Research Team

Barry Reisberg, Director of the Fisher Alzheimer’s Education and Resources Program at the New York University Langone Medical Center

Barry Reisberg, M.D. is a Professor of Psychiatry at NYU Langone Health and Adjunct Professor at the Centre for Studies in Aging, McGill University, Montreal, Canada. Dr. Reisberg has directed research which has significantly advanced current understanding and treatment of Alzheimer’s disease (AD). He was the first to describe many of the most important symptoms of AD and the characteristic clinical course of AD. His staging tools are presently governmentally mandated measures throughout the U.S., and widely used worldwide. 

Dr. Reisberg’s work has been instrumental in the development of all major current pharmacological treatment modalities for AD, i.e., memantine, treatment for behavioral disturbances in dementia (e.g., risperidone), rivastigmine for mild to moderate dementia, and donepezil for severe dementia.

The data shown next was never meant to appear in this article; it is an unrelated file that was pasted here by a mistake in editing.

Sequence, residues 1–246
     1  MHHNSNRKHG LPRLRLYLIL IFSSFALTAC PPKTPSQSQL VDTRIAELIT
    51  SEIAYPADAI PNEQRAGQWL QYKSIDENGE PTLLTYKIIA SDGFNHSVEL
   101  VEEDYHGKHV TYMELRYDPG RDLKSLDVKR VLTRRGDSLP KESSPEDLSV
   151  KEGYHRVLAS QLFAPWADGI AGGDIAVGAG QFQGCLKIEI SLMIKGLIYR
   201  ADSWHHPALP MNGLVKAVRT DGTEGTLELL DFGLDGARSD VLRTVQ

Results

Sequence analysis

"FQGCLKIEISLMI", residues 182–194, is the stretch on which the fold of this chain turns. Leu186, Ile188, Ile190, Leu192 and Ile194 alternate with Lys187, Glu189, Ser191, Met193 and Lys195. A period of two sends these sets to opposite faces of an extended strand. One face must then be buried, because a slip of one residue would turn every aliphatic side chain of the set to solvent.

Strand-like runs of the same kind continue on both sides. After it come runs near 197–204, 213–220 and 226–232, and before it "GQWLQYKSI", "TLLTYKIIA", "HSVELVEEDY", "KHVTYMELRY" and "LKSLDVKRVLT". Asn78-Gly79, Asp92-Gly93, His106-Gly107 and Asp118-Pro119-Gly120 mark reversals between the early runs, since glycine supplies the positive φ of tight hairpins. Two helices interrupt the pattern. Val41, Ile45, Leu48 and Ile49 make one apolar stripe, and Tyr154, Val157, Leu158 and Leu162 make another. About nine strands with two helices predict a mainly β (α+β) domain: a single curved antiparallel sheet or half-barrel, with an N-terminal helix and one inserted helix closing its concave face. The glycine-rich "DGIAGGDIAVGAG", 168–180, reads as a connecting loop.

Dr. Reisberg and his associates developed the concepts behind and coined the terminology, “mild cognitive impairment,” a now universally recognized entity. His descriptions of an even earlier clinically manifest stage – “subjective cognitive impairment,” are increasingly being recognized as the earliest manifestations of AD in seemingly normal persons. Dr. Reisberg’s description of the retrogenic neurodevelopmental process in AD and related dementias is also advancing a new science of AD management and providing new insights into AD etiopathogenesis. In a 2017 study, Dr. Reisberg, et al. have demonstrated that a comprehensive management program can provide 10 times the benefits of either current AD medications or traditional non-pharmacologic treatments. 

Dr. Reisberg has been the recipient of numerous awards for his pioneering research including a Lifetime Achievement Award for Research in Alzheimer’s disease. He is a Distinguished Life Fellow of the American Psychiatric Association. He has also served as President of the International Psychogeriatric Association, and is a Fellow of the American College of Neuropsychopharmacology.

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